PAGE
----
The chirping of the birds in springtime signals that a warble of tree guests have settled in the large black English walnut tree in our side yard. They are there to nest and raise their young, starting anew a cycle that I have witnessed and enjoyed for the last 35 years on B Street.




You might ask how I know exactly where the feathers meet the hearth and the answer is really quite simple. The winged ones, as they travel the shortest routes between worms and snapping hatchling beaks, leave a bombing pattern of white droppings that are more accurate than any Global Positioning System-guided weapons, for loosed warheads hit my car without fail. If our military had access to such accuracy, we would need only a biplane and 10-pound bombs to dominate any battlefield. Make those a dozen biplanes, as we seem to have a penchant for conflicts, whether it is about our neighbors to the south or abundant oil fields in the Middle East.




I have tried nearly everything to assuage the nurturing concerns in the arboreal wonderment that is this most majestic tree. I eschew loud noises, water down the neighborhood cats that think snacks lurk on high, maintain several birdbaths in safe locations and leave the occasional bird treat. All I ask for is a single day without my car feeling, well, pooped.




Digging deep into my bag of tricks, I ran a few errands around town and reconvened at my house to my task of dissuading these descendants of mighty dinosaurs from making life hard on the guy who helps guard their nests.




We all know that birds can see wavelengths of light that elude us. One thought was to put an ultraviolet hawk decal on the top of the car to interrupt the daily dive-bombing. The setup drew more bird hits than a new convertible parked on an ocean fishing pier, so it was back to the drawing board.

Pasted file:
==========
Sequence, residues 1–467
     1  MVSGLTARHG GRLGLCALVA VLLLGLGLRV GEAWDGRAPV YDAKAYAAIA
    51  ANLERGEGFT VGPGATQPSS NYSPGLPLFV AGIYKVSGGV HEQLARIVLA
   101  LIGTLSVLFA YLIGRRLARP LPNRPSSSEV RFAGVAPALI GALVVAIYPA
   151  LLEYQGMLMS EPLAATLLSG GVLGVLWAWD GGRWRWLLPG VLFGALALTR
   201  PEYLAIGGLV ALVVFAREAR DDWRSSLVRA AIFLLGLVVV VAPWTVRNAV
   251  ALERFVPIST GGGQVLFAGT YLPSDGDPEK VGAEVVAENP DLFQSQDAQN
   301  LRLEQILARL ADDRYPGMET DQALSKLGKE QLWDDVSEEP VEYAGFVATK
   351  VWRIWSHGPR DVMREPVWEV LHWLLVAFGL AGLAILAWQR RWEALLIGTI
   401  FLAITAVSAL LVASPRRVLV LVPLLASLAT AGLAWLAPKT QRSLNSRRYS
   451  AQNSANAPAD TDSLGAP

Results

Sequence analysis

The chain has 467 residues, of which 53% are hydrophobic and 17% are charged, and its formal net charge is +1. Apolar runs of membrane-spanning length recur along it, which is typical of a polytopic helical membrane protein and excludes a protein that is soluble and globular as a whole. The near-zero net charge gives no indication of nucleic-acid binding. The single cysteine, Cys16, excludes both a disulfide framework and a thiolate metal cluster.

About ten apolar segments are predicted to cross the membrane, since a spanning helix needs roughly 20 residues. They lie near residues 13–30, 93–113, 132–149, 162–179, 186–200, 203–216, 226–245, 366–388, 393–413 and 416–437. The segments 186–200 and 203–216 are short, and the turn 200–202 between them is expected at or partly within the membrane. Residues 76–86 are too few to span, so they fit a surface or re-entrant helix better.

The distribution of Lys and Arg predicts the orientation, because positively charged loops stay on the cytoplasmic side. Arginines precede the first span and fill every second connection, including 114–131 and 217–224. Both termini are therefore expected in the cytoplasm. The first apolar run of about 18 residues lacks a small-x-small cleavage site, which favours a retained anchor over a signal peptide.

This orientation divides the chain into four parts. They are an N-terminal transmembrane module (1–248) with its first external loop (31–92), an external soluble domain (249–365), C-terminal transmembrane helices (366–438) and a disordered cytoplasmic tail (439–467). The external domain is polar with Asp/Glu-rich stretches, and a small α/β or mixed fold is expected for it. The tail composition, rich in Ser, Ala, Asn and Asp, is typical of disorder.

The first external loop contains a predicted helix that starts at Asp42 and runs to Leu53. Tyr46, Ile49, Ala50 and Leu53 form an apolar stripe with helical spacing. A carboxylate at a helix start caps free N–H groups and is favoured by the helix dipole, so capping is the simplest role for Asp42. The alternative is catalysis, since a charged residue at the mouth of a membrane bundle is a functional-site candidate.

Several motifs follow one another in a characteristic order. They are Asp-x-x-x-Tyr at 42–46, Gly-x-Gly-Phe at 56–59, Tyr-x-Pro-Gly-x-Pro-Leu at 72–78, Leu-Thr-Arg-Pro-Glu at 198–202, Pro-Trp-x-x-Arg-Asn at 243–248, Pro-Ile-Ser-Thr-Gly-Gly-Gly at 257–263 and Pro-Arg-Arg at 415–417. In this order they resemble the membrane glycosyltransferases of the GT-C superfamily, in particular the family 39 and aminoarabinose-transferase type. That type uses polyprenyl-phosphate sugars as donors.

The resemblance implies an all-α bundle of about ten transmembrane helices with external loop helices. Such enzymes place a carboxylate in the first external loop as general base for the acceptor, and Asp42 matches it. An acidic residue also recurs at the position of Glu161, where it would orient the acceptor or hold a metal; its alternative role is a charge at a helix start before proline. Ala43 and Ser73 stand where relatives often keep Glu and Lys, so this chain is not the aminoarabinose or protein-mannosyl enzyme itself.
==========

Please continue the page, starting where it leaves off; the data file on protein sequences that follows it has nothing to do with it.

Another idea was to project an image of my car to a location were it was not. If it got hit repeatedly it might indicate that I was on to something. Instead, the birds focused on the projector itself, which eventually suffered a complete whiteout.




I even tried little automatic bursts of prerecorded owl screeches whenever a bird began a bombing run, but soon quit the idea after every bird in the neighborhood diverted to my car in some kind of avian competition. As far as I was able to observe the first bird out of bombs got three free worms and a beak full of birdseed. It was all great fun, at least for the birds.




I repaired to the porch and, under the safety of cover, came up with an idea as old as graveyards, guaranteed to draw the focus away from my now white car. I whistled for my dog, Spooky, and sprinted to my car, careful to change speed and direction in a blink to avoid being tagged with the best from above. While the engine warmed up, I emptied a full tank of window-washing fluid to gain visual perspicuity, then zoomed on an errand certain to deflect the ongoing aerial attacks.




I arrived home an hour later and unloaded my prize: a life-sized gray plastic foam statue of a former president, complete with a stable base. I tossed a bag of birdseed 10 yards to one side and set the reproduction such that should a bird wish to visit it, my car would be out of the flight path.




We all know that statues draw the ire and fire of birds without fail and within minutes the sculpture appeared engulfed in a hale storm as my feathered friends coated it with their joy and affection.




It was then that my wife, Annette, arrived home and noticed the blur of birds circling my most recent acquisition. She crooked her head, then asked: "How come that statue doesn't have a head?"




I thought for a moment, then shrugged.




"I borrowed it from a friend at the parks department. They got a dozen of those lying around in case someone steals Lincoln's body."




(Lance was last seen chipping away at a slab of granite to allow him to return the genuine Styrofoam he borrowed for the diversion. You may sculpt your way to him at lance@journalist.com. He will carve some time out for you.)